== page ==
Malware that utilises EternalBlue can propagate across networks. In 2017, WannaCry – a crypto-ransomware – used the EternalBlue exploit which spread itself across the network infecting all connected devices.

Step 3 - Exploiting EternalBlue

I use Searchsploit to check if there is any known exploit. Searchsploit is a command line search tool for Exploit Database.

I use the following command:

searchsploit eternalblue

I can get more details on an exploit with:

searchsploit -x 41738.py

You can also check the Exploit Database to find the exploit.


There is one Metasploit module available.


We will use Metasploit, which is a penetration testing framework that makes hacking simple. It's an essential tool for many attackers and defenders.


I launch the Metasploit Framework on Kali and look for the command I should use for the exploit.

Don't forget to update Metasploit when you launch it with this command:


You can also check if the target is vulnerable to EternalBlue on Metasploit using an auxiliary. Start with this command:

search eternalblue

then in that case

use 1

to select


You can check the options with

show options

and set RHOSTS with

set RHOSTS blue.htb

Then run the auxiliary with


You can see that the host is likely to be vulnerable to MS17-010!

Let's now check the exploit with

use 2

or the command


We need to set up the options for RHOSTS

and LHOST – mine was You will need to set it up with your own LHOST. You can check yours here.

Before running the exploit, you can check here if the machine is vulnerable – this will run the auxiliary we used earlier with the command


I then run the exploit with


The exploit had to run several times before I got a Meterpreter session.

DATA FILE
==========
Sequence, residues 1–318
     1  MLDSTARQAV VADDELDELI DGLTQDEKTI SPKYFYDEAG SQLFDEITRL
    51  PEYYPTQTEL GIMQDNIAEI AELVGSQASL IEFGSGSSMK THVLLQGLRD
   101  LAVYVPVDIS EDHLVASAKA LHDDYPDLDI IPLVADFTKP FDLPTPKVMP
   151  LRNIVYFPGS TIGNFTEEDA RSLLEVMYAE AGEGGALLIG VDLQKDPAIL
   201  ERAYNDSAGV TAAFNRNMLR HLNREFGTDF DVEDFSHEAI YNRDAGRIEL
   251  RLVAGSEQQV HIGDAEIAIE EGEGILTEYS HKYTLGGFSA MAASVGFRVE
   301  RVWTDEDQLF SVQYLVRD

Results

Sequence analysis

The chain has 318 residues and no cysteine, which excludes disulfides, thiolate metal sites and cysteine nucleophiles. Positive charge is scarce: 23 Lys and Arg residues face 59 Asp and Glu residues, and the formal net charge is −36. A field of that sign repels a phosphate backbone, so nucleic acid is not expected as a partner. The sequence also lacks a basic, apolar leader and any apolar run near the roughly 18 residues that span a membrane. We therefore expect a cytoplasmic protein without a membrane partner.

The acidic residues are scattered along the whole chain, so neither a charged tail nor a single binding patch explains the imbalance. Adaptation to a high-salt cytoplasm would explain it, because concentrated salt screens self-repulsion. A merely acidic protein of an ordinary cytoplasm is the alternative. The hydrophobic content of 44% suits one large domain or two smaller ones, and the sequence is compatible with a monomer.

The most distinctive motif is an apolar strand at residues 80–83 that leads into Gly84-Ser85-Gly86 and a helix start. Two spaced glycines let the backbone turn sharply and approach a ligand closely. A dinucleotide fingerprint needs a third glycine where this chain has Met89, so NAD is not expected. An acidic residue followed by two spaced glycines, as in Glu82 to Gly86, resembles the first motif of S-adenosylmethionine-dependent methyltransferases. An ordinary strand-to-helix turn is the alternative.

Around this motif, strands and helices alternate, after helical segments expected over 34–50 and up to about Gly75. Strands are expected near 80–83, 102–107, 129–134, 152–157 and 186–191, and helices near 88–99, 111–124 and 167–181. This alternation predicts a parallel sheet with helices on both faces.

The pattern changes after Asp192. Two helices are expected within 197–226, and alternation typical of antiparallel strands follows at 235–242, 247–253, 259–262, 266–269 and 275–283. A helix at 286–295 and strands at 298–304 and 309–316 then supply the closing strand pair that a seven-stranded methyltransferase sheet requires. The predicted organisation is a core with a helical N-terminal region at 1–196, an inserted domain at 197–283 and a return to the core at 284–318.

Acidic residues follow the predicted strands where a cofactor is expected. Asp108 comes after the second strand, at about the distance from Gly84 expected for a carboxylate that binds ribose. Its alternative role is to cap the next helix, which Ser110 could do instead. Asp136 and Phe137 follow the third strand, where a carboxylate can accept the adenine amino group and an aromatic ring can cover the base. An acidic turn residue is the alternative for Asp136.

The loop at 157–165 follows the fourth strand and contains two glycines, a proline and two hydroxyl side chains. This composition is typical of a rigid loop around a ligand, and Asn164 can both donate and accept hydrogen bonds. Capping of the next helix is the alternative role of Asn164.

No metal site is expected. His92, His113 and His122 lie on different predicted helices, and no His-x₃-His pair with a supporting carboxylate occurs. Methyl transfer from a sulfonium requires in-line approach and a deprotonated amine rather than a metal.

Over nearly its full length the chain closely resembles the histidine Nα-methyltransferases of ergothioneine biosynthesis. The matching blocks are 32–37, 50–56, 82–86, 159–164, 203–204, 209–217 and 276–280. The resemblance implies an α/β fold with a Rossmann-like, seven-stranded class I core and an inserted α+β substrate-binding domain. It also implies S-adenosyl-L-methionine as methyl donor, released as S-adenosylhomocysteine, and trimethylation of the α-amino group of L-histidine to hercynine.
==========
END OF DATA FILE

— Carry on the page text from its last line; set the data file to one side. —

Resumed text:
Here's the definition of Meterpreter from Offensive Security:

Meterpreter is an advanced, dynamically extensible payload that uses in-memory DLL injection stagers and is extended over the network at runtime. It communicates over the stager socket and provides a comprehensive client-side Ruby API. It features command history, tab completion, channels, and more.

You can read more about Meterpreter here.

Let's start by gathering some information.

getuid returns the real user ID of the calling process.

NT Authority\SYSTEM or LocalSystem account is a built-in Windows account. It is the most powerful account on a Windows local instance. We have admin access on that machine.

Step 4 - Looking for the user.txt flag

I navigate to the haris folder from Documents and Settings.

I can list all the files/folders with the following command:

ls -la

I then move to the Desktop with

cd Desktop

And I find the user flag! I can check the contents of the file with

cat user.txt

Step 5 - Looking for the root.txt flag

Let's find the root flag now. I navigate up to Users and check in to the Administrator/Desktop folder. I find the flag!

I use the following command to see the content of the file:

cat root.txt

Congrats! You found both flags.


Please don’t hesitate to comment, ask questions or share with your friends :)

You can see more articles from the series Keep Calm and Hack the Box here.

You can follow me on Twitter or on LinkedIn.

And don't forget to #GetSecure, #BeSecure & #StaySecure!